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Navy Seeks Technology, Suppliers for Assured PNT Navigation in GPS-Denied Conditions

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April 16, 2015

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The Navy is preparing to buy a new Assured Positioning, Navigation and Timing (A-PNT) Navigation Suite and is asking industry to help it craft its acquisition approach by submitting ideas, products and potential solutions.

Specifically, the Space and Naval Warfare Systems Command (SPAWAR) is looking for “innovative ways to enhance the future navigation suite to navigate in a GPS denied environment.”

“Fleet operations could continue weeks at a time without reliable GPS information,” the agency explained in a program document. “An affordable family of navigation systems, coherently organized into a single System of Systems Architecture (SoSA) will be necessary to ensure that PNT information can still be generated within such an environment to a level that will facilitate mission success.”

Finding alternatives for when GPS is unavailable has become an area of intense interest to defense planners.  The Defense Advanced Research Projects Agency (DARPA) is working on a wide variety of alternative navigation technologies, and the Army announced its interest in purchasing 50,000 eLoran receivers to support its own A-PNT program just this January.

Terry Halvorsen, the Department of Defense’s chief information officer, recently told Inside GNSS that the Pentagon intended to invest $5 million in research on eLoran receivers in fiscal year 2016.

Civil agencies are also looking at eLoran, particularly as a backup for the timing data GPS provides to the nation’s critical infrastructure. The ground-based eLoran system broadcasts signals, which are nearly impossible to jam, on a different frequency from that used by GPS.

But eLoran, as a terrestrial system that depends on precisely situated signal towers, is unlikely to be able to meet all the Navy's needs. SPAWAR is asking companies to submit products or white paper descriptions of products and/or solutions “for the development and implementation” of an A-PNT suite.

The suite is expected to be an ensemble of navigation sensors and systems that may use internal and external references. SPAWAR added that it is “specifically interested in solutions that do not require an extra-platform data link to provide valid PNT information.”

The agency also wants the technology to work without a lot of manual intervention, according to the program document. The A-PNT architecture needs to “allow for the optimal navigation solution in both GPS uninterrupted and impeded environments without operator input.”

Military officials appear to be thinking broadly about what might work. An A-PNT solution, they wrote, could include sensors, systems, and software solutions and, if appropriate, the software could be integrated with, or even replace, current software.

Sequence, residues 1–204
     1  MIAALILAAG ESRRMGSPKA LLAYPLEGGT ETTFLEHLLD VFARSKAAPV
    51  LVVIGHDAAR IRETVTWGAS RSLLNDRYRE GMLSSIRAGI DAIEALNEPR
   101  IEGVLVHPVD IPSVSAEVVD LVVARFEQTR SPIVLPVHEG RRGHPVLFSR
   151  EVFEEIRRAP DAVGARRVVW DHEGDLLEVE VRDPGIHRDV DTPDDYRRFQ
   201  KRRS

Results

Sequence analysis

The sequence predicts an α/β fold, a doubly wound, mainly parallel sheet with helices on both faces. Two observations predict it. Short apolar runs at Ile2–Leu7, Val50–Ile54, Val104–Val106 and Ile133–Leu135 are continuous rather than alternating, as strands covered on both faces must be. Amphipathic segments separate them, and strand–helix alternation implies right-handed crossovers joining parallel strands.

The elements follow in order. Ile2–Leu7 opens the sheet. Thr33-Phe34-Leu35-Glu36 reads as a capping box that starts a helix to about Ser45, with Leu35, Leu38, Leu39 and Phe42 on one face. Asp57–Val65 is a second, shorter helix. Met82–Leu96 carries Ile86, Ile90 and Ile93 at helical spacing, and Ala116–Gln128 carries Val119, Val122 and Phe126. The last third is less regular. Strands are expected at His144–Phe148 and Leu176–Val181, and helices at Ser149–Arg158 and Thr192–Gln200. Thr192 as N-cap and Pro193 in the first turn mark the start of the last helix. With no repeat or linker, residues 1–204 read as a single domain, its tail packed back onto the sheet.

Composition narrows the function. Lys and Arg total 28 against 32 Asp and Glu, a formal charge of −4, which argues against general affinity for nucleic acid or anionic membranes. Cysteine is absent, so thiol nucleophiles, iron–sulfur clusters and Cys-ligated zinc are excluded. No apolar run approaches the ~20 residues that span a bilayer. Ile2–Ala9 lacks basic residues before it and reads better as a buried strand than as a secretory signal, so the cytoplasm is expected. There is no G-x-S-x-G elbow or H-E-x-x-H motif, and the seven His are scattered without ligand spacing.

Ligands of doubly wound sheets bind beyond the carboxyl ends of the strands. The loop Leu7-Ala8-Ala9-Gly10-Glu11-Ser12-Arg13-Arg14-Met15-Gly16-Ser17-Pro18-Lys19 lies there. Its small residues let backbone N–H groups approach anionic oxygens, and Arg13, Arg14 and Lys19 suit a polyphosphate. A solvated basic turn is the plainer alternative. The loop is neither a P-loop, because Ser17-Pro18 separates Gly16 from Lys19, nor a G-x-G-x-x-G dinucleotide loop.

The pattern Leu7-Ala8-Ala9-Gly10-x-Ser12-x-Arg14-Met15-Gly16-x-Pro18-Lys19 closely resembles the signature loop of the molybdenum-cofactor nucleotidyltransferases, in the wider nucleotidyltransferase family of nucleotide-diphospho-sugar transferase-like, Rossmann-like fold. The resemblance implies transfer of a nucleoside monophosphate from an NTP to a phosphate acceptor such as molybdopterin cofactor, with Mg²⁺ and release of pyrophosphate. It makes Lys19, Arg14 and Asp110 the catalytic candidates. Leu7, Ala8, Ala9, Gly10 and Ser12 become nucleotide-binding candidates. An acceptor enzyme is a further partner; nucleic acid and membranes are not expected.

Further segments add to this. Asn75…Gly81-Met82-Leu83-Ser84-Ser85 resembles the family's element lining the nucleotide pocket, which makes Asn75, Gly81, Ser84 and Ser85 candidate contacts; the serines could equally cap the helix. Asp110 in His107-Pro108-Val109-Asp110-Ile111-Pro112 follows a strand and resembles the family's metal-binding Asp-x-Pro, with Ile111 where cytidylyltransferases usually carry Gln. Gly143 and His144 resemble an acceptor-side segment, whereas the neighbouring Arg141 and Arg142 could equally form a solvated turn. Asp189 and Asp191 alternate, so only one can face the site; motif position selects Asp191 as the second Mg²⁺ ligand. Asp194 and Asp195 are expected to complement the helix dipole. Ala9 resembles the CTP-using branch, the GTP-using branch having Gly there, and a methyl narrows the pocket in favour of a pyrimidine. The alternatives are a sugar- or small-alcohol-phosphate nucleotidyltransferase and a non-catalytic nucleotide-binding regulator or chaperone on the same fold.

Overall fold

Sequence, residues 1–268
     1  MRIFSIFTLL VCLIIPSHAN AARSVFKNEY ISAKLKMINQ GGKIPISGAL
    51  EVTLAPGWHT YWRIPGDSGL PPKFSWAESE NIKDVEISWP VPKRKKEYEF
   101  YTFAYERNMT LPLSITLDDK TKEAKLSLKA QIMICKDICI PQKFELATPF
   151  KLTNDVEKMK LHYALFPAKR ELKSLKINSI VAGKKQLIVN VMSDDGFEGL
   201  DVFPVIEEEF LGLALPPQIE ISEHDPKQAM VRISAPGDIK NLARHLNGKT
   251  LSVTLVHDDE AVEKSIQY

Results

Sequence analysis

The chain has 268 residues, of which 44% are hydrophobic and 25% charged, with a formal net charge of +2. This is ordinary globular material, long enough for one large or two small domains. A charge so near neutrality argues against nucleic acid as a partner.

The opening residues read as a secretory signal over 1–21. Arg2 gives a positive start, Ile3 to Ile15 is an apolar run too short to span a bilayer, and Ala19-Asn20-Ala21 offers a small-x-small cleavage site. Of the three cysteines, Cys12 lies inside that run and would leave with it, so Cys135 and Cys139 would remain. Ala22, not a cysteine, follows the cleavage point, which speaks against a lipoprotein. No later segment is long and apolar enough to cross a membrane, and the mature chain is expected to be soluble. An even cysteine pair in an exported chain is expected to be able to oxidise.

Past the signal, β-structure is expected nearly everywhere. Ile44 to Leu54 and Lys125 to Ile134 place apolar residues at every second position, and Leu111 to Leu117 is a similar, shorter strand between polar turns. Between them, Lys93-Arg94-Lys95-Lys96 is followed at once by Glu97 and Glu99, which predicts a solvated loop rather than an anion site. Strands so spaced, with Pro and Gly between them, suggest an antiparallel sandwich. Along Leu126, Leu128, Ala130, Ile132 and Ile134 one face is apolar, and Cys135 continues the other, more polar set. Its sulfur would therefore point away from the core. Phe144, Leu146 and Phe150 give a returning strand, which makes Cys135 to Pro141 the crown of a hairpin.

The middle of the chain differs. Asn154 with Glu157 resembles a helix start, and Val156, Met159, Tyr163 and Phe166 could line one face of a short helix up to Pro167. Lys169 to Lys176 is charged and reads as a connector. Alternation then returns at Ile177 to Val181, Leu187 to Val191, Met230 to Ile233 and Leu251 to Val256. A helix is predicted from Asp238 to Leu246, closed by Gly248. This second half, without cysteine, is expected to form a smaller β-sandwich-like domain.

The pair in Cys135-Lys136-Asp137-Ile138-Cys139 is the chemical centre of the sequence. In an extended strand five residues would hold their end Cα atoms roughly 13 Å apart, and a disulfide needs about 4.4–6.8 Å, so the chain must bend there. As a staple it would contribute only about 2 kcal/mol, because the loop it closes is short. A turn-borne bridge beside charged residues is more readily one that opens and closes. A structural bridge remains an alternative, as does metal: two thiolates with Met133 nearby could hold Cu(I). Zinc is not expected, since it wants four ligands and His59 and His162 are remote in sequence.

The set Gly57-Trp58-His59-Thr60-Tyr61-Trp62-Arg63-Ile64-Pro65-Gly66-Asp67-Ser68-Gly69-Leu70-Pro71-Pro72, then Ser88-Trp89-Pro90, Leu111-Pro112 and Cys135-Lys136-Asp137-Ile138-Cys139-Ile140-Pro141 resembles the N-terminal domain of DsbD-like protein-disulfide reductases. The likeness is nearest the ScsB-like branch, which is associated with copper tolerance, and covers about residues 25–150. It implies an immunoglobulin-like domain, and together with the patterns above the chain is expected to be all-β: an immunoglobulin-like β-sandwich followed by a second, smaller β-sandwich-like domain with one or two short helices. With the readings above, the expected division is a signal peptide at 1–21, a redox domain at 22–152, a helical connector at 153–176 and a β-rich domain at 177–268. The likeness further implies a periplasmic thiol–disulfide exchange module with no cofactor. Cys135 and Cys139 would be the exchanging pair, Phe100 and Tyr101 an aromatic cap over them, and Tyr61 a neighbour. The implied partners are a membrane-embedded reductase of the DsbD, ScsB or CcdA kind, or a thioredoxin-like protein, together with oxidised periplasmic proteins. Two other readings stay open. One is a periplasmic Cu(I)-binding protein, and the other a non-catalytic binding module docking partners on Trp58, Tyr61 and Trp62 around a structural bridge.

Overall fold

Must Still Work with GPS
A-PNT, however, will need to integrate with current systems, which are and will continue to be based on GPS and inertial navigation.

“The Government does not intend that an A-PNT suite will replace any of the current programs of record,” the announcement says, “rather the Government is interested in alternative ways [to] acquire the navigation data these systems provide.”

That data should include some or all of the following:

-Three-dimensional position (location) of the sensor or system directly relatable to the WGS-84 reference frame
-Three-dimensional velocity
-Three-dimensional acceleration
-Three-dimensional jerk
-Pitch, pitch rate, and pitch acceleration
-Heading, heading rate, and heading acceleration
-Roll, roll rate, and roll acceleration
-Precise time directly relatable to Universal Coordinated Time (UTC) as defined by the U.S. Naval 
-Precise and stable time interval

SPAWAR also wants its new suite to incorporate a certain amount of flexibility for future changes. For example, military officials are looking for sensors and systems that have external, non-proprietary interfaces.

Responses for the SPAWAR program are due by May 8. The solicitation number is SPAWAR_Headquarters_MKTSVY_10155E and can be found here.

A copy of a informational white paper describing the program can be found here.

After reviewing the submissions, SPAWAR will hold an industry day on June 2 in San Diego, California, to clarify requirements and answer questions. Those who respond to the RFI will have an opportunity in one-on-one sessions with SPAWAR representatives to present their products and/or solutions that address the capabilities described in the white paper.

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